I did six internships as a student in Singapore, in sectors from insurance to technology. But the time I spent in corporate banking was the most inspiring. I was assigned to work with a young relationship manager, and after accompanying him to several meetings I was surprised by the amount of influence he held both externally and internally. I wanted to experience this “power” for myself, so I didn’t hesitate to train as a corporate banker when I graduated. I’ve now been in the industry for more than 10 years and have worked for two global banks in Singapore. Here’s why I enjoy my job.
You’re the face of the bank
As a corporate banker (or relationship manager – I use these terms interchangeably) you’re literally the face of the bank. Sure, you get to go to a lot of client meetings, but this isn’t just a vanity thing. When the CEO or CFO of a client wants to contact the bank to discuss any new issue, they call you first. You’re the gatekeeper. If the bank is negotiating a major deal with your client, you represent the bank, so you largely determine whether the deal goes ahead or not. You’re the main deal closer. You can’t say that about your colleagues in siloed functions like M&A, trade finance etc. That’s why I have no regrets about not being an investment banker, or any other kind of finance professional.
Everyone in the firm wants a piece of you
Your client connections make you very important within the bank too. You’re essentially the nexus for the bank’s different product teams. Everyone wants time with you; colleagues will actually lobby for your attention because they want you to sell their products to your clients. “We have a liquidity drive in cash management – can you promote it?”
When you want to reach out to a particular team, it’s easy. Fancy a meeting with someone in M&A today? No problem. Try doing that if you work in transaction banking – M&A might tell you to go away.
You know all the products
As a corporate banker, it’s up to you to know all the latest information about your bank’s products, so you can choose what information you then pass on to the customer. You mediate between the client and the bank. This means you need to know the whole range of products – from project finance and M&A, to trade finance and cash management. You even need an understanding of more obscure stuff like custodianship. This sets you apart from others at the bank, who have deep knowledge, but in a narrow area.
You know the C-suite
As well as product knowledge, your success as a relationship manager depends on the strength of your external relationships with the C-suite. I’ve closed many deals simply because I know CEOs and CFOs a lot better than rival corporate bankers at other firms do, so I’ve been first at designing the request for proposal (RFP). If a CEO of an Indonesian engineering firm, for example, thinks of me first for his new project finance deal, I know I’ve done my job. Being top of mind typically means I’ll get the deal.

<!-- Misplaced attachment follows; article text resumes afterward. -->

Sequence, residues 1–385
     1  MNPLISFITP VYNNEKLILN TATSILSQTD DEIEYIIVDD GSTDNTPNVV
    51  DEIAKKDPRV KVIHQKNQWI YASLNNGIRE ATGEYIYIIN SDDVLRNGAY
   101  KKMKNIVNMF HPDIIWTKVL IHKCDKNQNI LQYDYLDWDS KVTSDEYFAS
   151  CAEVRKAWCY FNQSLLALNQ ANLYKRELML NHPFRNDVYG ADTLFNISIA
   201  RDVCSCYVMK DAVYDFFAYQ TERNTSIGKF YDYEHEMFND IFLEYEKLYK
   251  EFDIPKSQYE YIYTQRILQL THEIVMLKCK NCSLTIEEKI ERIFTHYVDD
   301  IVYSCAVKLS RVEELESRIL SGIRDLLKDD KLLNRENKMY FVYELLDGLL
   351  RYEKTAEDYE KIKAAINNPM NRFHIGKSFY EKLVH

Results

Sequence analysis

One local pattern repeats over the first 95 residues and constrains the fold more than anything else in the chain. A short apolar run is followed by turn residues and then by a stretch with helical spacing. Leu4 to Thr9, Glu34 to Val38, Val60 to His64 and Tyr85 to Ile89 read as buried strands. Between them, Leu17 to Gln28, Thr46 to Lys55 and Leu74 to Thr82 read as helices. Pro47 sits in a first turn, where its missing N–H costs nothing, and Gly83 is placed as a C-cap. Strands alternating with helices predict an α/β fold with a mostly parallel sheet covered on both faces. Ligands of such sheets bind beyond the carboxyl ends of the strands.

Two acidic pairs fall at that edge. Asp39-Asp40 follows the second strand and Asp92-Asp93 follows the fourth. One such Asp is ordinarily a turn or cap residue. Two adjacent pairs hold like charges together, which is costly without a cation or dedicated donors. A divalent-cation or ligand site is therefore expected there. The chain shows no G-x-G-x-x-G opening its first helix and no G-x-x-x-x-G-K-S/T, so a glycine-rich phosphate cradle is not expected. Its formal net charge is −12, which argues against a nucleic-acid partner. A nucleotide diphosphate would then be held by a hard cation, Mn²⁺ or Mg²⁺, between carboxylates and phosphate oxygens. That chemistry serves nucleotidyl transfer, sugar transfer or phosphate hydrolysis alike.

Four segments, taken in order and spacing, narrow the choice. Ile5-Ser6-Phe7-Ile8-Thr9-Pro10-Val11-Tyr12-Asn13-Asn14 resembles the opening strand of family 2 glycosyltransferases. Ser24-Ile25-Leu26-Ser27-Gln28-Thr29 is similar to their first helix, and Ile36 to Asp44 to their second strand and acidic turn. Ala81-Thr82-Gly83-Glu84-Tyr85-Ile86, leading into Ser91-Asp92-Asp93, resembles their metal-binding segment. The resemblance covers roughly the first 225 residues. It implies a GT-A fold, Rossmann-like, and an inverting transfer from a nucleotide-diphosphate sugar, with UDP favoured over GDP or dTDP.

You can create deals out of nothing
You can also be proactive as a corporate banker and create deals that the client wasn’t even thinking about. Know your client’s business and their industry inside out, so you can talk about both when you meet them. If you know they’re pivoting their business to a new area, surprise them at the meeting by giving them advice on a new capital structure. This kind of ad hoc information can capture a client’s attention, single you out as well-informed, and ultimately lead to deals.
I’ve clinched a mandate during a 45-minute coffee meeting. I did my homework on the client by looking at its average bank balance, outgoing payments, working capital spent on financing, approximate current interest rates etc. I told the client’s CFO that the company was on a legacy deal and I could save him $270k. When he heard that number he naturally wanted to know more.
It’s a stable job and the pay is ok
I’ve felt well paid in corporate banking because my bonuses track revenue, and my revenue has always been pretty good. As a rule of thumb, though, you won’t earn as much as an RM as you would in a product-focused job like M&A. Product jobs are more sales driven: you have one product, and you’re under pressure to sell it well. You’re motivated to do so by the rich rewards on offer. You need to be more aggressive than a corporate banker.
The flip side is that corporate bankers have better job security. If the M&A market is weak, you won’t have a great year as an investment banker, no matter how good your sales pitches are. You might end up on a revenue watchlist or even lose your job. As a corporate banker, you’re buffered by the range of products you sell. Your revenue shadows all business lines. If M&A is having a bad year, perhaps you’re selling more cash management products.
As a corporate banker I feel like the captain of a ship steering everyone on board at my bank to the final destination: the deal. Other people do important jobs on the ship, but ultimately I’m the one who says, “trust me, this is how we’re going to get there – here’s my plan.”
Kaden Siu (not his real name) is a corporate banker in Singapore.
Photo by Jeyakumaran Mayooresan on Unsplash
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